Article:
Brothers Trucks 1955-1959 Chevy Dash Panel Restoration


Brothers Trucks 1955-1959 Chevy Dash Panel Restoration


How many times have you looked at an old stock beater that had the radio section of the dash all cut up for installation of an aftermarket radio? There are all kinds of holes for larger radio units and sometimes even plates to cover holes that didn’t quite match the newer unit. In ’55-’59 Chevy trucks, the center portion of the dash was set up for a small radio face and a raised, circular area at each end for knobs plus three more raised areas above the radio. What you see mostly is the radio opening enlarged to accommodate newer units, and in most cases, that opening overlaps into the raised circular areas, and the new knobs do not match up either. For truck owners who are reworking a vehicle that has a dash like this but want to return it to stock configuration, BROTHERS offers a patch panel that makes it easy. It is a job for someone who is a capable welder and grinder though. The tight area where this repair is done requires a skilled welder to butt-weld the panel into place and work it so it looks original. This is a great item for truck owners planning to restore their trucks or take them back to a mostly original state, but update the running gear. BROTHERS produces new radios in the form of the original Chevrolet unit. In this case, a stock-looking radio was chosen to create an up-to-date sound system. A BROTHERS cassette radio unit was selected for the dash, and a remote six-disc changer was mounted under the seat. Whether you want to take your Chevy truck back to its original condition or just clean it up and add a modem radio, components are available to allow that to happen. It will require good welding and grinding skills to make it happen.

This altered dash does not look all cut up and was usable in its reworked state.

Brothers offers a ’55-’59 Chevy pickup dash patch panel. It allows a builder to cut out the section of the butchered dash and weld this stock-looking piece in its place. The job does require good welding skills for a good, finished job.

The new panel was held in its proper location and scribed around it. The lower portion of the patch panel was cut off to make the installation easier. It was cut off evenly with the lower edge of the opening on either side. The lower area of the dash has a reinforced section that includes the bottom edge, so it should be retained for strength.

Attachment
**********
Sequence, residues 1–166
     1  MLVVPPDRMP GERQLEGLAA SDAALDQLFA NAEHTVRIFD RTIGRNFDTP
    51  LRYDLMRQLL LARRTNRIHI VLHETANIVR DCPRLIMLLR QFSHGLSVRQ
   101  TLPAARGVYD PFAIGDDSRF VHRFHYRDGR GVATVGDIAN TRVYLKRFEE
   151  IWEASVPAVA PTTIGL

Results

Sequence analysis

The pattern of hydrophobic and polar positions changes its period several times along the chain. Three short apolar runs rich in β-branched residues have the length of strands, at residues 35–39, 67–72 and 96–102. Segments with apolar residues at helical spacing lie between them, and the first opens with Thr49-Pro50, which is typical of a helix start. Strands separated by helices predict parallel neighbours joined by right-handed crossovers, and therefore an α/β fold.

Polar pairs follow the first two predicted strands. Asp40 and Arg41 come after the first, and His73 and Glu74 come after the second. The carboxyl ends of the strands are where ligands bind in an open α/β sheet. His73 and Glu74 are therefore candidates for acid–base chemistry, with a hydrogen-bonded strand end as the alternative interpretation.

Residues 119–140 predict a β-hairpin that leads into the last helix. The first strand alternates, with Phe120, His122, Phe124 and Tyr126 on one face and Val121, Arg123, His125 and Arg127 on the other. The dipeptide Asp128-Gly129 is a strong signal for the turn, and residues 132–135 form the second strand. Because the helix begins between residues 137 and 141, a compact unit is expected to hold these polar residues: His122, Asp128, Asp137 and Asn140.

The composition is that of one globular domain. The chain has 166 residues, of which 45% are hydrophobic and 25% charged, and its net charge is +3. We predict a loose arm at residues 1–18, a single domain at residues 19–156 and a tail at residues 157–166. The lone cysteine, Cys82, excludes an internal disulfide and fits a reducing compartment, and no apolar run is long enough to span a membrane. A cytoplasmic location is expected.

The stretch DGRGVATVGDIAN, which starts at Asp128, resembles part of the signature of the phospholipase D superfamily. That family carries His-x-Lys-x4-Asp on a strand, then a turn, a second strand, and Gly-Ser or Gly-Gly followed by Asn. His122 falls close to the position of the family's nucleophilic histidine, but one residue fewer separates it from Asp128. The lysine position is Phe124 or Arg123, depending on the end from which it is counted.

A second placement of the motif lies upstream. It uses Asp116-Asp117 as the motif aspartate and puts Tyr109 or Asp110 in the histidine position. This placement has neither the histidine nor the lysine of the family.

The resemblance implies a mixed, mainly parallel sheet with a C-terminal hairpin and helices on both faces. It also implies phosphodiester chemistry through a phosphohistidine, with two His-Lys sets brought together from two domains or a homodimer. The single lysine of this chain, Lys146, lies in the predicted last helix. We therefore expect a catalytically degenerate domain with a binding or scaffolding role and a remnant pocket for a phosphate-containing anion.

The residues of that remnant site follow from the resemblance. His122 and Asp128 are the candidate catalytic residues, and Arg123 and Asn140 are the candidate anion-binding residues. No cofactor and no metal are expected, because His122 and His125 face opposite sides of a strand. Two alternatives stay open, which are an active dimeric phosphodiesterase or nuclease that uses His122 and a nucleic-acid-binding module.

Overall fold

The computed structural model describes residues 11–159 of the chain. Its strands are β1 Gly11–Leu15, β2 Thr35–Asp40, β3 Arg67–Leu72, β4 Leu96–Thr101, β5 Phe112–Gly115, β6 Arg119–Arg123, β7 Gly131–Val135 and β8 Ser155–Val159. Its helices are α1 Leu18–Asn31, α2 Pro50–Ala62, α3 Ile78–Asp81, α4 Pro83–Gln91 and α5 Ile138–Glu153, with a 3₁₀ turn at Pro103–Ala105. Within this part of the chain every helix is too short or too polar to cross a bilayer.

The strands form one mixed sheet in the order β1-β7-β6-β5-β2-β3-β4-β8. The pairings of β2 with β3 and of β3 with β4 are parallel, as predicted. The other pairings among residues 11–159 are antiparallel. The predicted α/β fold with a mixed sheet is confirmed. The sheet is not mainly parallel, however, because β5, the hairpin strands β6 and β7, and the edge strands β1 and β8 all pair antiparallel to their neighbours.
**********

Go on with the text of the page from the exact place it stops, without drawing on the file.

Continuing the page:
We used a die grinder with a thin cut-off disc to cut slots on all four sides to allow a Sawzall blade to be inserted into the dash. The patch panel was about 1/2-inch narrower than the space between the ashtray openings, which left approximately a 1/4-inch lip on each side to help when welding in the new panel.

The small slots on each side made it easier to cut out the opening with a Sawzall. Make each cut as straight as possible for a close fit when welding the new panel into place.

After the hole was cut out, we gave a trial fit to determine the placement of the new panel and to see if the opening needed to be enlarged

The area around the opening was taken down to bare metal to ensure a good, clean surface for welding.

We fit the panel into place and clamped it in evenly along the top edge. He tack-welded the panel in four or five spots across the top and rechecked its fit.

After the top edge was tacked well, he started working down each side. He continued to check the panel to ensure that it remained even with the surrounding surface; heat buildup can distort it some. It’s best to clamp and tack, clamp and tack.

We tacked around the panel about every 1/2-inch. That keeps heat buildup and warpage to a minimum.

Workaround the panel spot, welding the open space and moving on until it was totally welded up as shown here.

Because of limited space between the welded area and the raised portion, it was difficult to grind the weld smooth with a disc, so a 1/2-inch round head carbide rotary file in a die grinder was used to remove the bulk of the weld.

The round head cutter allowed work to be done on flat surfaces as well as around the curved areas. Be careful not to slip and cut into that raised portion, because this will add extra work.

We finished off the area with a disc sander using a 50-grit 4-inch disc. Work very carefully here.

By working very carefully, you can grind down the welded area along the sides, but do not cut into the raised area. The disc sander works fine along the lower area.

The hard work was about finished. A little more work with the disc sander and the dash was ready for the finished work.

When everything was ground down, we wiped the area clean with lacquer thinner.

Wipe a light coat of body filler over the area affected. Then sand the affected area before using primer and paint.

Now that the dash was repainted, we installed the new Brothers stock-style radio.

This unit was one of Brothers cassette player units that connects with a remote six-disc CD changer. It has the shape and appearance of the original radio but offers modern stereo sounds.

We also offer an overhead speaker unit in the form of a stock item that fits between the sunvisors and special kick panel speaker units so no unsightly holes need to be cut in the interior door panels.


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